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Reviews also take place in Scotland, Wales, and Northern Ireland. Reviews are implemented in a similar way but are the responsibility of the devolved parliaments in Scotland and Wales and the Northern Ireland Assembly.

What are local government boundary reviews?

There are different types of local government boundary review. The main one is an electoral review of an individual principal local authority. Principal local authorities are those above parish council level.

An electoral review might change the boundaries or number of wards, the number of councillors in each ward, or both. It will also name each ward or electoral division.

Who conducts electoral reviews?

Each part of the UK has a separate independent commission that is responsible for conducting reviews. In England it is the Local Government Boundary Commission for England, the LGBCE.

The LGBCE is an independent body accountable to the UK Parliament.

How are reviews conducted?

When conducting an electoral review, the LGBCE must adhere to certain rules set out in legislation. These are that the ratio of electors to councillors in each electoral ward/division, is as nearly as possible, the same. This is balanced against the need to reflect local community identities and interests and provide for effective and convenient local government.

The rules also allow for at least one round of public consultation on draft recommendations.

What happens at the end of a review?

Once the final recommendations of a review have been published, the new ward arrangements have to be implemented by a type of delegated legislation.

LGBCE must produce a draft Order and lay it Parliament. It will be in the form of “The [name of local authority] (Electoral Changes) Order 202X”.

The draft Order is subject to the “draft negative procedure”. It means the draft Order cannot be made into law if it is rejected by Parliament in a 40 sitting day period. Draft Orders cannot be amended.

The progress of a draft Order can be tracked using the UK Parliament’s Statutory Instrument tracker, Find a Statutory Instrument.

Draft Orders implementing recommendations of the LGBCE have never been rejected as they have been subject to local consultations before final recommendations are made.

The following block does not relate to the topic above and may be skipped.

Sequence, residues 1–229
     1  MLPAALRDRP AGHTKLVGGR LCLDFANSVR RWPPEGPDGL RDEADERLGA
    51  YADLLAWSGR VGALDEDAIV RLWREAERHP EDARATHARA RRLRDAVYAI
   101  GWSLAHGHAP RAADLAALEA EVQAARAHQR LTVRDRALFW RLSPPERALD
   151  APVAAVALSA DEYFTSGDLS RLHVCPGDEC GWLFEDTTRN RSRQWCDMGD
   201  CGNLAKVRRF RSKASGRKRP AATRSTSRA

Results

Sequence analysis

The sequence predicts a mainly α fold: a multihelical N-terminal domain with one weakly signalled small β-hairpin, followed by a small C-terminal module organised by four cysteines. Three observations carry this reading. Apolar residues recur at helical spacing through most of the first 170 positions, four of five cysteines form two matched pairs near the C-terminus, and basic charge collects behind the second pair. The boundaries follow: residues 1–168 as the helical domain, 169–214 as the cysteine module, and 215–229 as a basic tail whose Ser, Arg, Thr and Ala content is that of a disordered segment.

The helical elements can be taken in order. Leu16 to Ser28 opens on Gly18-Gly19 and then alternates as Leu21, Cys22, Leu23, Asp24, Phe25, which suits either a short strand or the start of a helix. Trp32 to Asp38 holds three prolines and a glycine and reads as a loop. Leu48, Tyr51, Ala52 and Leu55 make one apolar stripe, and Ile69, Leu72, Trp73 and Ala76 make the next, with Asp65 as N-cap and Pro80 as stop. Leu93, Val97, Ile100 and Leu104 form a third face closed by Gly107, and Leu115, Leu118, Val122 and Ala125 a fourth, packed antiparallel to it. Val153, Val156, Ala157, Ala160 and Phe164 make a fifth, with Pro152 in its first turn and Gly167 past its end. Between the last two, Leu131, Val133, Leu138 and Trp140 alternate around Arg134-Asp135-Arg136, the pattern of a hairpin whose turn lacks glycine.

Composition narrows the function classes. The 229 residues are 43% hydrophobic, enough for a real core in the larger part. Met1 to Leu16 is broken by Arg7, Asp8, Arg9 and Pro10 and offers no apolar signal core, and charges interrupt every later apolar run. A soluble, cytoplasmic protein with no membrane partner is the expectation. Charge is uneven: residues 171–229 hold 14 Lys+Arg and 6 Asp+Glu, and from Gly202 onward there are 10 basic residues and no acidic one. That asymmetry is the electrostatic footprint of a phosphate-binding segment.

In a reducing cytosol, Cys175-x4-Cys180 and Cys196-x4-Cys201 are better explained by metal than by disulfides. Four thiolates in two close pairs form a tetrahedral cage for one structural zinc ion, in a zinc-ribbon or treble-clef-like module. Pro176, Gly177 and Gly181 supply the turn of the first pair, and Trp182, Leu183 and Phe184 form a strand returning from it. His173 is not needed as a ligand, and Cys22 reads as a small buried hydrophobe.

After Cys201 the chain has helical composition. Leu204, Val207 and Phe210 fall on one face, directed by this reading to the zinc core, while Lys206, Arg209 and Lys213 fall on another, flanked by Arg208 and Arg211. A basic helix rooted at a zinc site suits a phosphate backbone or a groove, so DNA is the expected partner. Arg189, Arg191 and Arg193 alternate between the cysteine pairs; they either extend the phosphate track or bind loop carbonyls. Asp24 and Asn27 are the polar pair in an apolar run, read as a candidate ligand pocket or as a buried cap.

Can an MP stop an Electoral Changes Order?

Members have, in the past, tabled Early Day Motions (EDMs) requesting that draft Electoral Changes Orders be not made. Sometimes at the request of constituents.

In practice, as noted above, these types of order have never been rejected. The EDM is a way for an MP to place the issue on the record, but it is unlikely to lead to proposed boundaries that have been open to full public consultation being rejected.

These EDMs are like prayers against statutory instruments but take a slightly different form because Electoral Changes Orders are not made when they are laid (regular SIs that are prayed against have already been made).

To register an objection to the proposed boundary changes once the draft order has been laid before the House, an Early Day Motion should be tabled in the form:

 “That the draft [name of local authority] (Electoral Changes) Order 202x, which was laid before this House on ____________, be not made.”

Like other prayers against negative statutory instruments, such an EDM could, in theory, lead to the draft Order being referred to a delegated legislation committee.

However, the Committee would only ‘consider’ the draft Order. It cannot amend, accept, or reject the draft Order. It would be an opportunity for the local MP to raise their concerns and get them on the record.

An example of this sort of draft Order being referred to a delegated legislation occurred in the Second Delegated Legislation Committee on Tuesday 2 February 2016. In this debate the MP speaking on behalf of the LGBCE said the Commission considered local arguments against a particular proposal but also noted the Commission:

“…must not only consider local views, but come up with alternatives that can be implemented…It did not believe that any of the alternative proposals would be a better balance to its statutory criteria than the draft recommendations.”

The MP speaking on behalf of the LGBCE concluded:

“In conclusion, my hon. Friend made some important points, but sadly the commission cannot withdraw the order without starting the process all over again.”

Neil Johnson is a researcher at the House of Commons Library, specialising in elections.